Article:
Day 1 of the annual Schlegel Villages leadership retreat
The annual Schlegel Villages Leadership retreat begins on the morning of April 27 with nearly 250 people from across the organization calmed into a meditative state. The topic, if it can distilled, is balance, as keynote speakers Nancy Fox and Jeff Jerebker share their insights into the “Yin and Yang of Leadership.” They bring their perspectives as key players in the movement to change the way seniors care providers work in our society, Jeff as an original pioneer of the psycho/social model of care and Nancy as a former Eden Alternative director and the current Chief Innovation Officer with Vivage Senior Living on Colorado.
Nancy and Jeff urge the audience to consider the notion that there is no separation between Yin and Yang, just as there is no separation between the people in the room or the teams and the residents they serve in the villages: everyone and everything is connected.
Jeff asks people to consider the transformative experiences that steered them down the path towards leadership. In his own story, he describes a sociology professor in the late-1960s who challenged students to think critically about every aspect of every ism that exists in the world. He systematically deconstructed capitalism, communism, Marxism and so many more, and in doing so, this influential professor emptied Jeff and many other students of their long-held, often cherished beliefs.
Some may have viewed this with desolation, but Jeff found opportunity in the clean slate. Jeff’s life changed at that point and the professor became his advisor. To be filled with wisdom, he was taught, one must learn the value of humility and be open to every new idea.
“Leadership,” surmised Nancy reflecting on Jeff’s story, “means you have to let go of who you are to become who you could be.”
Throughout their presentation, Jeff and Nancy displayed the balance they described. The each shared personal stories while the other described how each reflection might pertain to the world of seniors living.
They spoke of the balance between such concepts as accountability and caring, the head and the heart, empowerment and control, ego and suspension; in each subject they circled back to how people easily misunderstand the conflict that can exist between each countering concept when considering leadership. They fail to see the unity that can be found in such conflict – the Yin within the Yang, so to speak, and vice versa.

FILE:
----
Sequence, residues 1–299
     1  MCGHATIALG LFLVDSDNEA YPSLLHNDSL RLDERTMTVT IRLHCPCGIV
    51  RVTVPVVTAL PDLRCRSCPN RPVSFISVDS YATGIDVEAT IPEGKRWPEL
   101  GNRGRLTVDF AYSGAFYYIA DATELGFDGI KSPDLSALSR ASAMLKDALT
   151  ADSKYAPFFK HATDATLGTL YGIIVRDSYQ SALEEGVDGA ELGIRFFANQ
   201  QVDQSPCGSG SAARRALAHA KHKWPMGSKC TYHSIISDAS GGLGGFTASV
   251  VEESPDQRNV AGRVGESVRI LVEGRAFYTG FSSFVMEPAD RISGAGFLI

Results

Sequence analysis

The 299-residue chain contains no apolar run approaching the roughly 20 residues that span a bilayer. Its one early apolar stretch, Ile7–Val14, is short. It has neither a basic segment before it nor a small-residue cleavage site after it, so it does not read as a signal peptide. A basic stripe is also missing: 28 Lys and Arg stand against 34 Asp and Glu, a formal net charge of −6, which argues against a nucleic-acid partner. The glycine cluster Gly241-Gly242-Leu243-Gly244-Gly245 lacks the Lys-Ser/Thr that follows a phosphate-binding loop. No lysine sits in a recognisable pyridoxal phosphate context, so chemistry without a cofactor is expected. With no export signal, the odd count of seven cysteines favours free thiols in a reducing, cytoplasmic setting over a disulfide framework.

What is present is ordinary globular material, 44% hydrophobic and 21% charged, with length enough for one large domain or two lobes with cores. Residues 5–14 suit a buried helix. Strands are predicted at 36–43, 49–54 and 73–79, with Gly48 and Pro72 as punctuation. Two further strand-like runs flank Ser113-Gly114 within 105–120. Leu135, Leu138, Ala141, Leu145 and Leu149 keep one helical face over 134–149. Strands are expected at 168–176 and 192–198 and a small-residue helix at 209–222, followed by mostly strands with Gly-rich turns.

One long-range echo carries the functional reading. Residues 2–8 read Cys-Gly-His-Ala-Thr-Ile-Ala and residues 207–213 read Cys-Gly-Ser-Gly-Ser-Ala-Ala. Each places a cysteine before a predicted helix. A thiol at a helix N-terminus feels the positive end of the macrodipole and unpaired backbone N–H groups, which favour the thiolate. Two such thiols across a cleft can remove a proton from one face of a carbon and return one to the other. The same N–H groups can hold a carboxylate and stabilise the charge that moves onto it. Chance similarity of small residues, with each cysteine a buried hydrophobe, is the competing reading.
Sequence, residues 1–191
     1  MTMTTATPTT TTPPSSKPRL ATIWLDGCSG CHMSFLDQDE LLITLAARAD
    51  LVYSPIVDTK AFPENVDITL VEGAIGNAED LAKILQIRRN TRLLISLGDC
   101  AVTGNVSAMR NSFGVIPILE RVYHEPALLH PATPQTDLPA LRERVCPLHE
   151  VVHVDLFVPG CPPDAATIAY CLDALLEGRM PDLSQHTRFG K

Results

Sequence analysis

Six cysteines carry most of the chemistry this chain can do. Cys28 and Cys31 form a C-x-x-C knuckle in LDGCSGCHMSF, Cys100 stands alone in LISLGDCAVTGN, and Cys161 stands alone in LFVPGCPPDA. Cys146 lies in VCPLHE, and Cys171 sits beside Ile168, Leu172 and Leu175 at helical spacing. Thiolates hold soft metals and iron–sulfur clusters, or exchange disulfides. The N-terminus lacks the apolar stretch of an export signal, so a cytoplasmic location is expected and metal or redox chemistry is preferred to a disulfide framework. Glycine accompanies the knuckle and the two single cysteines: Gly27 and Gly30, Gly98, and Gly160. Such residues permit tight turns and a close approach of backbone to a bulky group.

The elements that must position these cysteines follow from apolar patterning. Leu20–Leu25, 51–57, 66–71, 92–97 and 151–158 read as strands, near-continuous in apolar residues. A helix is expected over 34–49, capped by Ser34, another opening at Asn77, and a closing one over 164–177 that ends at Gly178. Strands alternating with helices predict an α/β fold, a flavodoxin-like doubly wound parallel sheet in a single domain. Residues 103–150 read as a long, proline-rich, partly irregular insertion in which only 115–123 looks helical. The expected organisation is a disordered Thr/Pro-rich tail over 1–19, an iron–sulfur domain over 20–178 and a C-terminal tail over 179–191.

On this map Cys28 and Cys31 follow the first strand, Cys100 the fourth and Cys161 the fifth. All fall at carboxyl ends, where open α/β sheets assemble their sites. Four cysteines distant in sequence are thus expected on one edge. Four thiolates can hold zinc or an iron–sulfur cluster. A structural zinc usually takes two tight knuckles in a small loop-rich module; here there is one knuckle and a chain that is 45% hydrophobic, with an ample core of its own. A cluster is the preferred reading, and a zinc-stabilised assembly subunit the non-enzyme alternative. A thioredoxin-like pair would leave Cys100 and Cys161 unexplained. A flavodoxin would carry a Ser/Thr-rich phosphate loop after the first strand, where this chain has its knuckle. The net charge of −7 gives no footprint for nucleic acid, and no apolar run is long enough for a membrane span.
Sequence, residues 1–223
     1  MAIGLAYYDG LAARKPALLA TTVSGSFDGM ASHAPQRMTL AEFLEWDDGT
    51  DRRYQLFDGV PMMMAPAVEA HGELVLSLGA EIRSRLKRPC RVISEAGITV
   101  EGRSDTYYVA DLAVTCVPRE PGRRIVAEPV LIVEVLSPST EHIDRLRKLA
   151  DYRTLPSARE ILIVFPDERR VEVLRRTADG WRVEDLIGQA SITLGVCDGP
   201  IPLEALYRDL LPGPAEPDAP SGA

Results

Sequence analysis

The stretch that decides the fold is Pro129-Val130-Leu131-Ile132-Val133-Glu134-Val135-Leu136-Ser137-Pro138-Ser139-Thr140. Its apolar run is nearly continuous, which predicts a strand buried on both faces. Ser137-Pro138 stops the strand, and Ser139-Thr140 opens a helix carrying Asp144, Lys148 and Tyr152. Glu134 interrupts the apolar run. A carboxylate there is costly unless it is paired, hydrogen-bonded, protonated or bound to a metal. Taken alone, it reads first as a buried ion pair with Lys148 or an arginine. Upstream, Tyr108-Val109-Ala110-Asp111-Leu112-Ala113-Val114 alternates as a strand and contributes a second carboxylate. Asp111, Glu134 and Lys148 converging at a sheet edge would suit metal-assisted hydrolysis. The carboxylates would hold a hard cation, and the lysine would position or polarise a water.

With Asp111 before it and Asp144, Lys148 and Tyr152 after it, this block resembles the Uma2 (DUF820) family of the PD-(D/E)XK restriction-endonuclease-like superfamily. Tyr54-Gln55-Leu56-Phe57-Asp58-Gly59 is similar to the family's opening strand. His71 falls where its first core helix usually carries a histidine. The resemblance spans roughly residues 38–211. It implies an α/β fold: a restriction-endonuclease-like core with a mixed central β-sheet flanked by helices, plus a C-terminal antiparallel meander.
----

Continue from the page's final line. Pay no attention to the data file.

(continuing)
The great irony of leadership, as Nancy suggested, is that the very thing that got you there, the ego, is the very thing you have to suspend in order to find success. Control is a myth, yet when a team is truly empowered they still must have the guidance of leadership.
“Leadership,” Nancy says, “is not about trying to change other people, it’s about changing yourself so that others are free to change.”
For more than an hour, Nancy and Jeff deftly drill philosophical and sociological balance into the room, providing each person with new tools to critically consider leadership in their own context.
They finish with the mesmerizing voice of Leonard Cohen, wrapping up a Zen-like discussion on the critical balance that is required of everyone to become the finest of leaders.
“Please make me empty,” wrote Cohen in his 1966 novel, Beautiful Losers, “if I'm empty then I can receive, if I can receive it means it comes from somewhere outside of me, if it comes from outside of me I'm not alone.”
Like the professor who offered him a fresh perspective 50 years ago, Jeff and his friend Nancy swept over the audience on Day 1, setting the stage for two days of education and conversation that will not only preserve but also enhance the culture at Schlegel Villages, ideally in perfect balance.